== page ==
The Anatomy of Goodbyes


Goodbye! How often do we say that? A simple salutation in reverse, we say it at the end of every phone conversation, after every meeting and/or get-together, party, church gathering. Every time we meet someone for whatever purpose or happenstance and then part, we say goodbye. Without even thinking.

So what is “goodbye?” It’s a farewell, of course. It’s a wish for good things to happen to those whom you’re saying it. A little on-line research explains that people have said goodbyes to each other for hundreds of years. The word “goodbye” is a contraction of God be with ye.

The word origin and history for goodbye goes back to the 1590s, from godbwye (1570s), itself a contraction of God be with ye (late 14c.), influenced by good day, good evening, etc. Bottom line, the term is a well-wisher for the most part. But have you ever used the term loudly, angrily, and forcefully as you slammed the telephone receiver (of yore) on marketers or someone you have no intention of wishing well? (My biggest objection to cell phones, among several, is that we can no longer slam down the receiver!)

Which brings me to the different types of goodbyes. We’ve already mentioned several occasions—primarily casual times—in which we use the term. But there are parameters for goodbyes:  the casual ones become emotional based on the distance, in time or miles, that will separate the well-wisher from the “wishee.” The longer the distance, the more difficult the goodbye.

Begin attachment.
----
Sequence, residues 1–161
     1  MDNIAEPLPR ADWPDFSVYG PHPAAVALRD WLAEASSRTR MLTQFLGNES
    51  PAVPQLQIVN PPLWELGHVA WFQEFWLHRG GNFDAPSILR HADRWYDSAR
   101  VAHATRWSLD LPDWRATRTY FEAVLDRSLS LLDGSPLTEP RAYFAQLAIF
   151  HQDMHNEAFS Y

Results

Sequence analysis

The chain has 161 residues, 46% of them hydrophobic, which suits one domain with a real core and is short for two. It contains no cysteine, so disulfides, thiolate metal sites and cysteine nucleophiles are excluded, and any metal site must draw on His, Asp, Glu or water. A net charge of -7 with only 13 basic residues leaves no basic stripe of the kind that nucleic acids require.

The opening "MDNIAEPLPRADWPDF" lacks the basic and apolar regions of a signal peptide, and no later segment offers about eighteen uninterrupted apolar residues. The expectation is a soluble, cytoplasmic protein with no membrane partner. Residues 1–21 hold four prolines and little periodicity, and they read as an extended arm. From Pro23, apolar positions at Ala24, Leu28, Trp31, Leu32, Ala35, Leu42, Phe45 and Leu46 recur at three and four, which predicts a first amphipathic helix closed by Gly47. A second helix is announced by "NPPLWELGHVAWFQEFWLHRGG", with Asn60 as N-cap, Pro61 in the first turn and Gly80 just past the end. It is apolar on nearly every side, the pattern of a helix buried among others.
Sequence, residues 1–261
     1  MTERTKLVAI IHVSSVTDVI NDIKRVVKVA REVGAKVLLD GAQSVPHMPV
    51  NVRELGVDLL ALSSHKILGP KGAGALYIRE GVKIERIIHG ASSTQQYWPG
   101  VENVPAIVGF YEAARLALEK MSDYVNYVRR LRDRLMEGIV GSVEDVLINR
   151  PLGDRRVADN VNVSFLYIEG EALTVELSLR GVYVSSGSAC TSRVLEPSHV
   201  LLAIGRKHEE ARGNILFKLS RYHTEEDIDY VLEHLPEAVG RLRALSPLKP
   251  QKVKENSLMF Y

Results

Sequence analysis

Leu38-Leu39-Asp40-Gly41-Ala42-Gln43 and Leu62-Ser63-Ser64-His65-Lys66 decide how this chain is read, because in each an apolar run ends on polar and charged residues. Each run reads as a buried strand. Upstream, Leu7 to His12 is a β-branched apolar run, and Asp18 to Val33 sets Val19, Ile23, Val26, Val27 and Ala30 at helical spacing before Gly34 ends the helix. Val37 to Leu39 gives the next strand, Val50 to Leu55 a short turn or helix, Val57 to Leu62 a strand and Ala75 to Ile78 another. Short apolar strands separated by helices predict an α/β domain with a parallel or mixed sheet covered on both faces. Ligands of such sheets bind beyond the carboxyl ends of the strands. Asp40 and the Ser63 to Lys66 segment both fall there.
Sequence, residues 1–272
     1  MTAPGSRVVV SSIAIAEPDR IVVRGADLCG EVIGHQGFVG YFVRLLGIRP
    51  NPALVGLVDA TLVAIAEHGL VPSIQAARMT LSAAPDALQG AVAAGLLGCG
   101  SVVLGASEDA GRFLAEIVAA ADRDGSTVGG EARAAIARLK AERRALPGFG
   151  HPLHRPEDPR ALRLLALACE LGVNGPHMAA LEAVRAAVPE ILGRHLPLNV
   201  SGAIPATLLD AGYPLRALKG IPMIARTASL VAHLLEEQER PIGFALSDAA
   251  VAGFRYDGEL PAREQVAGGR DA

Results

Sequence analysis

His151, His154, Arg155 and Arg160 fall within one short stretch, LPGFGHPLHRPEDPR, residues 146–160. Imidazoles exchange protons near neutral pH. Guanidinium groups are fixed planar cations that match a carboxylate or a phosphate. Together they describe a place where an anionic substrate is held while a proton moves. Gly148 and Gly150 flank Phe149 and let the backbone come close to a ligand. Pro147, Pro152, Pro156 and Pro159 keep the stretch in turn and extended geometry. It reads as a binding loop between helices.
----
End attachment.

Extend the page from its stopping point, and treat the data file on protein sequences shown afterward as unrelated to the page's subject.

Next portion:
And that goodbye is eased or exacerbated by the closeness, or lack thereof, of the person to whom you’re saying goodbye. In other words, if someone with whom you’ve worked for many years retires and moves to another state, that’s a sad goodbye. And you miss them, their daily conversation, their presence in that chair. But if your son and daughter-in-law close shop here and move to Florida, that goodbye leaves a vacuum, an emptiness in your circle of everyday life, a yearning for… for them.

That’s the place, the situation, the dilemma(?) I am in now. This isn’t a last-minute decision for them. They’ve been planning it, openly, for five years now. I have a standing invitation (and a room with a view!) to visit them at any time. But… it’s another goodbye. I didn’t realize how much it was affecting me until I mentioned on FB that I was in a wild cleaning frenzy:  had my guest room carpet and living room furniture cleaned, my Oriental carpet sent out for cleaning, my draperies cleaned, doing my windows and all the bed linens/blankets/comforters and kitchen cupboards myself. A friend discreetly emailed me that all that activity fit the “nesting instinct.”

OMG!! At my age?!

The absolute worst of all goodbyes, of course, is the final one. Lord knows, I’ve personally experienced far more of them than I ever wanted.

But, for today, for this final week when my kids will be in town, I am enjoying their proximity, the feeling that they’re just a half hour away, and later… they’re just a phone call away. I still have one son in town and I feel blessed with that. And I have my grands nearby.

Oh, and I have an almost totally clean house, although I still have some of my windows and hardwood floors to clean. Want to come over and help? We could work together, have a good time… and then say goodbye.

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